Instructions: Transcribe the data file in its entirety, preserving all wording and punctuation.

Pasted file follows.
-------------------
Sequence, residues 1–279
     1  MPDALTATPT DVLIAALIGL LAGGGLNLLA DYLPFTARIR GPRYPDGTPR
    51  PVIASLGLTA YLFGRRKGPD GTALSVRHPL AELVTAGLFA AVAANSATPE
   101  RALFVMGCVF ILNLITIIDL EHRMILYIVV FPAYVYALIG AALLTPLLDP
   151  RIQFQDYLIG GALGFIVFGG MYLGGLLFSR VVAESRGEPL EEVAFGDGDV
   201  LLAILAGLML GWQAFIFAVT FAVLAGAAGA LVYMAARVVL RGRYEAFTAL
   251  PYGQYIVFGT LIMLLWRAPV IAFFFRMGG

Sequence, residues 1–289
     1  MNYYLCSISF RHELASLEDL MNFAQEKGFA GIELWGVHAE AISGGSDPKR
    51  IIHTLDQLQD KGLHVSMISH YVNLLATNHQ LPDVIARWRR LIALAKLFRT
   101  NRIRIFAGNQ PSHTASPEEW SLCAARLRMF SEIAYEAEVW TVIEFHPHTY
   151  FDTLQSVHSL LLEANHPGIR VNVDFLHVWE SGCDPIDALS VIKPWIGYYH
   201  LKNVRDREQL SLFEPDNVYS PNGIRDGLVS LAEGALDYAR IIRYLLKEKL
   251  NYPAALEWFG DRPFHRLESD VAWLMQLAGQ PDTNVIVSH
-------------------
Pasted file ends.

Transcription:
Sequence, residues 1–279
     1  MPDALTATPT DVLIAALIGL LAGGGLNLLA DYLPFTARIR GPRYPDGTPR
    51  PVIASLGLTA YLFGRRKGPD GTALSVRHPL AELVTAGLFA AVAANSATPE
   101  RALFVMGCVF ILNLITIIDL EHRMILYIVV FPAYVYALIG AALLTPLLDP
   151  RIQFQDYLIG GALGFIVFGG MYLGGLLFSR VVAESRGEPL EEVAFGDGDV
   201  LLAILAGLML GWQAFIFAVT FAVLAGAAGA LVYMAARVVL RGRYEAFTAL
   251  PYGQYIVFGT LIMLLWRAPV IAFFFRMGG

Sequence, residues 1–289
     1  MNYYLCSISF RHELASLEDL MNFAQEKGFA GIELWGVHAE AISGGSDPKR
    51  IIHTLDQLQD KGLHVSMISH YVNLLATNHQ LPDVIARWRR LIALAKLFRT
   101  NRIRIFAGNQ PSHTASPEEW SLCAARLRMF SEIAYEAEVW TVIEFHPHTY
   151  FDTLQSVHSL LLEANHPGIR VNVDFLHVWE SGCDPIDALS VIKPWIGYYH
   201  LKNVRDREQL SLFEPDNVYS PNGIRDGLVS LAEGALDYAR IIRYLLKEKL
   251  NYPAALEWFG DRPFHRLESD VAWLMQLAGQ PDTNVIVSH